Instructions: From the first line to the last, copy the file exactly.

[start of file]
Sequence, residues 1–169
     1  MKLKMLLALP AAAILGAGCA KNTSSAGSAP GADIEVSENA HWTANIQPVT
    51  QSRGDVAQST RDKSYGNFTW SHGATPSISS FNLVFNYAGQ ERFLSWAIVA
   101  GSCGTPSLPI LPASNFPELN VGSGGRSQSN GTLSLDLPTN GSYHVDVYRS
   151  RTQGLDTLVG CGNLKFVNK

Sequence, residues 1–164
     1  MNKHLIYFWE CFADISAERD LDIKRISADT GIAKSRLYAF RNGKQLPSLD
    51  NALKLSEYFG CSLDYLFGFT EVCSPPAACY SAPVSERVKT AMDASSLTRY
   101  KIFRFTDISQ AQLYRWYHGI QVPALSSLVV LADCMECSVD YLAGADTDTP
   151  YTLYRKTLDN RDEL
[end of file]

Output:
Sequence, residues 1–169
     1  MKLKMLLALP AAAILGAGCA KNTSSAGSAP GADIEVSENA HWTANIQPVT
    51  QSRGDVAQST RDKSYGNFTW SHGATPSISS FNLVFNYAGQ ERFLSWAIVA
   101  GSCGTPSLPI LPASNFPELN VGSGGRSQSN GTLSLDLPTN GSYHVDVYRS
   151  RTQGLDTLVG CGNLKFVNK

Sequence, residues 1–164
     1  MNKHLIYFWE CFADISAERD LDIKRISADT GIAKSRLYAF RNGKQLPSLD
    51  NALKLSEYFG CSLDYLFGFT EVCSPPAACY SAPVSERVKT AMDASSLTRY
   101  KIFRFTDISQ AQLYRWYHGI QVPALSSLVV LADCMECSVD YLAGADTDTP
   151  YTLYRKTLDN RDEL